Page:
A lot of what you say here is why I think it’s maybe really important to learn how to sandbox mythic mode, even if you don’t want to intentionally use it. Otherwise I think something like it seeps into your system anyway.
You seem to have re-derived Jungian Archetypes with the distributed network / Omega playing the role of the collective unconscious.
Yep! I debated framing it this way, but I eventually decided against it because I thought it would be distracting here. And as you say, I rederived the ideas, and then later noticed that they corresponded to my read of what Jung was talking about… and not having really read Jung in any depth, I didn’t want to tie my ideas to other things he might have claimed.
I think the main difference is that you posit the distributed intelligence to be able to predict people’s actions.
Mmm… not exactly. More like, I posit that it has scripts, and guides people to play them out. This often involves an element of predicting people’s actions, but it’s more a matter of predicting what kinds of actions someone is likely to take. “What kind of person is this?” rather than “What is this person going to do?”
How I interpret your advice here is that if we find ourselves unhappy with our state of affairs we should try to find locations where there are either forks in the paths or places where they are quite close together to make a quick jump...never straying outside of a path for very long.
I think that’s close enough. I’d just add the caveat that by my model, people mostly can’t intentionally stray from paths. There are exceptions, but they’re relatively rare, and when done without finesse it can create some pretty ferocious responses. Like, I suspect that psychopathy is in part being unaffected by Omega’s tugs, and people generally really really don’t like others to be quite that free.
The main problem I see is that we need to be able to make predictions in the spaces between narratives, which according to this framework is difficult if not impossible.
Yep, I agree, that’s important, and the framework says that it’s extremely difficult for the most part (except where it doesn’t matter to the “scene”, or where it’s about things that aren’t subject to scripts the way physics isn’t). This is another way of stating what I see as a core challenge for a mature art of rationality to gracefully navigate.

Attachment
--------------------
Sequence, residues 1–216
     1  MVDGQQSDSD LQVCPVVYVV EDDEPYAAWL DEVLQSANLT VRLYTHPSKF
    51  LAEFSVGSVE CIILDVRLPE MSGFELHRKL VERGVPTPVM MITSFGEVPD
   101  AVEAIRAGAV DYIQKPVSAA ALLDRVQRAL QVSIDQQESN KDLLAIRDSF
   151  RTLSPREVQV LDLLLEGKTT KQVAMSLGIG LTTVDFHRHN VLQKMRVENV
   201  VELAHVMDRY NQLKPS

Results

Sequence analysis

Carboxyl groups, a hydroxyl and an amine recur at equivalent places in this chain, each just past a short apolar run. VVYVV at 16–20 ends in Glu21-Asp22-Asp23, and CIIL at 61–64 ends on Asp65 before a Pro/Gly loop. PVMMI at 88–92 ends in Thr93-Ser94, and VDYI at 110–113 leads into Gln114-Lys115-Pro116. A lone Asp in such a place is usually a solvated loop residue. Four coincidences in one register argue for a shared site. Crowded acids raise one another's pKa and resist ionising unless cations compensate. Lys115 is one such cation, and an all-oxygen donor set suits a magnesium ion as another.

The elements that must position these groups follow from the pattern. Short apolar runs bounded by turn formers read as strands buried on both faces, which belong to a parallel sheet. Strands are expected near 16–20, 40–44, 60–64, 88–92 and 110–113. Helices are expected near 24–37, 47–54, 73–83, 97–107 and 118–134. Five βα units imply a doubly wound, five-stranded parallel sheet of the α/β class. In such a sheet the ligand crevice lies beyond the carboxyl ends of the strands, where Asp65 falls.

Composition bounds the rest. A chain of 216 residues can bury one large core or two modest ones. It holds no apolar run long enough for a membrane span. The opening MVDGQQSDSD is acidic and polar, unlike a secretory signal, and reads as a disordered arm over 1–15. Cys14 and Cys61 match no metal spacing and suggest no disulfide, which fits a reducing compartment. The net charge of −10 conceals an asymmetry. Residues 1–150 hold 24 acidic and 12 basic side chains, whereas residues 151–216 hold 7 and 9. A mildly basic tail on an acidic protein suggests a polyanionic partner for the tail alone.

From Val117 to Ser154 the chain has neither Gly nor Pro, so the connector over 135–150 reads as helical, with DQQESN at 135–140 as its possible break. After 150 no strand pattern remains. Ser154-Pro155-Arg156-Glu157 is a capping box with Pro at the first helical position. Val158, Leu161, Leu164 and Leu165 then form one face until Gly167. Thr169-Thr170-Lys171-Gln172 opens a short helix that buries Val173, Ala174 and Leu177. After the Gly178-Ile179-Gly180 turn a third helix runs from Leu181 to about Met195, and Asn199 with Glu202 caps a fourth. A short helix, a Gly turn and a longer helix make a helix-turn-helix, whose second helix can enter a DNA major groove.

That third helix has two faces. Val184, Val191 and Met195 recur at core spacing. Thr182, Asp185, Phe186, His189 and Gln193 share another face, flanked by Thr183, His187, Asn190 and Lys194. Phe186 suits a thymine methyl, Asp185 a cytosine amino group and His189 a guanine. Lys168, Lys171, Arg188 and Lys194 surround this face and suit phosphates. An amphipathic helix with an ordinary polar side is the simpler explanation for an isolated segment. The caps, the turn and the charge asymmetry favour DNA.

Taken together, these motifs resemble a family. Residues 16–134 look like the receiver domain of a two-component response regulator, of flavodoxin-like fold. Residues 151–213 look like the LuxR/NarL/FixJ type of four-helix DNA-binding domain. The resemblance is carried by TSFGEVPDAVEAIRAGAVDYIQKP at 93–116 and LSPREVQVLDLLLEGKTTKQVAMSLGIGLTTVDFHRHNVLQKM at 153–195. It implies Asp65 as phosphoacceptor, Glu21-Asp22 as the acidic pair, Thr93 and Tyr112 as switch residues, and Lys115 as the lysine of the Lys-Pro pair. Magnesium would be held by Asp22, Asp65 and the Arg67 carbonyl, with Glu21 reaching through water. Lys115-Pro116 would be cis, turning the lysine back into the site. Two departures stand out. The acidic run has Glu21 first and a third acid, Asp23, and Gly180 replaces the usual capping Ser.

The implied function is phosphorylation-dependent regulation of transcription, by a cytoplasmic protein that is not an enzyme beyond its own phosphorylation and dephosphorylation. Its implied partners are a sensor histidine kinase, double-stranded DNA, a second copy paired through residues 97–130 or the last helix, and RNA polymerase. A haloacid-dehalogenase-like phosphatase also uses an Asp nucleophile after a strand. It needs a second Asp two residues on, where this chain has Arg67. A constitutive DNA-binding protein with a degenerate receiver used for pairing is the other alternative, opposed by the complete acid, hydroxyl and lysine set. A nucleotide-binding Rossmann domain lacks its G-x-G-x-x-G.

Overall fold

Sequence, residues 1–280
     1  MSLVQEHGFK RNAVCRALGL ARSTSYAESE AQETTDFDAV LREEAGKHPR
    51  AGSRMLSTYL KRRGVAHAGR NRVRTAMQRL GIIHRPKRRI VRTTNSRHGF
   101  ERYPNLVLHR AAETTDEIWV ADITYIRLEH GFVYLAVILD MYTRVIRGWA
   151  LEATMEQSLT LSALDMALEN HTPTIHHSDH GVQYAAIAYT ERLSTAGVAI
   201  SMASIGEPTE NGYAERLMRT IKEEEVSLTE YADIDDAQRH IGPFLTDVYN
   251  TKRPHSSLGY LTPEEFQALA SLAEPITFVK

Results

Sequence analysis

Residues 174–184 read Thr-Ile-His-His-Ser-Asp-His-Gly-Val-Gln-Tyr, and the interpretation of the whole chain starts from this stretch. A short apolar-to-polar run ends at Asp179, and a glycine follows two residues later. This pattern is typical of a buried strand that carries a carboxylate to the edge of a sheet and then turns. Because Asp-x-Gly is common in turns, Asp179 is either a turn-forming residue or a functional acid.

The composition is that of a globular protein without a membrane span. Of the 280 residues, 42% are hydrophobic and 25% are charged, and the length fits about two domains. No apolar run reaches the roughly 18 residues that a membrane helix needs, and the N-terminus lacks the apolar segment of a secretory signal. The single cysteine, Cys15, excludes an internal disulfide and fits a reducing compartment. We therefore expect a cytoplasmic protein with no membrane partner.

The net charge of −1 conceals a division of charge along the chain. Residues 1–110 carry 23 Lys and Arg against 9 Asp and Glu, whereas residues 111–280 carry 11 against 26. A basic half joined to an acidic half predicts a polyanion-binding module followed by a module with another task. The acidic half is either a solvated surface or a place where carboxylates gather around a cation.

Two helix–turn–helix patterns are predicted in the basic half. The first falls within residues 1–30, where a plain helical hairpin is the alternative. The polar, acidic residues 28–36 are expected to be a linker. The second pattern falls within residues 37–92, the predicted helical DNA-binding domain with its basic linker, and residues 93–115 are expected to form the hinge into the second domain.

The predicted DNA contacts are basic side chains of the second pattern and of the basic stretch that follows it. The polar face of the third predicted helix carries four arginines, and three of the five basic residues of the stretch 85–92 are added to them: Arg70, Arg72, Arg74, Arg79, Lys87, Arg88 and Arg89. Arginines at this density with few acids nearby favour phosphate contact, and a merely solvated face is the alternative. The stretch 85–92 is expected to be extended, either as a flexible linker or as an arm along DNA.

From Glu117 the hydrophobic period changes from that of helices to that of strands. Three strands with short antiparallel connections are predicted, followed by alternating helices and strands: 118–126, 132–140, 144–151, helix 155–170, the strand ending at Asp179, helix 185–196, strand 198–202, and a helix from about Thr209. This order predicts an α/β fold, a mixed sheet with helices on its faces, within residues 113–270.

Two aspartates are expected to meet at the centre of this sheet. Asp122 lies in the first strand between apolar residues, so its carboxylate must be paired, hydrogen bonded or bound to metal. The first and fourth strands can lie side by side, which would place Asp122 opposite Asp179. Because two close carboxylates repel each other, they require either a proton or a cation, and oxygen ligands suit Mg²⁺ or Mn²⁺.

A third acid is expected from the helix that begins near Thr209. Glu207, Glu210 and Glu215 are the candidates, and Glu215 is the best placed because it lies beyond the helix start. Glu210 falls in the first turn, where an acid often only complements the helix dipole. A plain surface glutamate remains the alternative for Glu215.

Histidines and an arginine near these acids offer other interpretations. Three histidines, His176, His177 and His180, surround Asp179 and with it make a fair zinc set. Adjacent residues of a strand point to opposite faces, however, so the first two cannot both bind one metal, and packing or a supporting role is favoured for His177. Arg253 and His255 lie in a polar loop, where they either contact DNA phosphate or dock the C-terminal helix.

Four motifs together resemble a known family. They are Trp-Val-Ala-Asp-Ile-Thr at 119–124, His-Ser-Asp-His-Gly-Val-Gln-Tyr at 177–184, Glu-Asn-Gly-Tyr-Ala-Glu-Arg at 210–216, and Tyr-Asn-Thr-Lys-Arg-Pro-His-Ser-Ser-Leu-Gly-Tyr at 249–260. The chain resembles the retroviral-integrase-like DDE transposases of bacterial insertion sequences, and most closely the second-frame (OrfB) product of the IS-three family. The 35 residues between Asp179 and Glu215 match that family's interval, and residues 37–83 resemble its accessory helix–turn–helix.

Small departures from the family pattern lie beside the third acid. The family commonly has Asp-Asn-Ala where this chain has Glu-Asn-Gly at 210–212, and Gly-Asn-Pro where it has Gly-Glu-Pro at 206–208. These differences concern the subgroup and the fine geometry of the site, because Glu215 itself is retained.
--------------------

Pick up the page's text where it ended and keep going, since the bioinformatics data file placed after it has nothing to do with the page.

This is partly a reply and partly an addendum to my first comment. I’ve been thinking about a sort of duality that exists within the rationalist community to a degree and that has become a lot more visible lately, in particular with posts like this. I would refer to this duality as something like “The Two Polarities of Noncomformists”, although I’m sure someone could think of something better to call it. The way I would describe it is that, communities like this one are largely composed of people who feel fairly uncomfortable with the way they are situated in society, either because they are outliers on some dimension of personality, interests, or intellect, or because of the degree to which they are sensitive to social reality around them. What this leads to is basically a bimodal distribution of people where both modes are outliers, with respect to the distribution of people in general, on one axis (namely the way that social reality is sensed) but on opposite ends. And these two groups differ very strongly in the way that their values are formed and quite possibly even in subtle ways reality itself is perceived.
On the one hand, you have the “proper non-conformists” who are somewhat unplugged from the Omega / distributed network you are describing, and who I imagine will have trouble digesting a lot of your claims here. I call them proper non-conformists because they genuinely seem to not feel so much of the tension the tugs in the network are giving them. I think there’s a connection here with people who consider themselves “status blind” or tend to visualize Slack only in a very concrete, visible sense like having a lot of wealth. They might tend to have aversion to heavily socially conscious displays of signalling and things like that. You suspect that this might be what “psychopathy” is, and I think there might be some partial truth to that, but ultimately not in the sense of how one would visualize a psychopath as an evil person or a person completely disconnected from reality as a whole. For example, one might have the ability to do altruistic things in a way that is invisible, in a way that could be very difficult for someone strongly connected to Omega.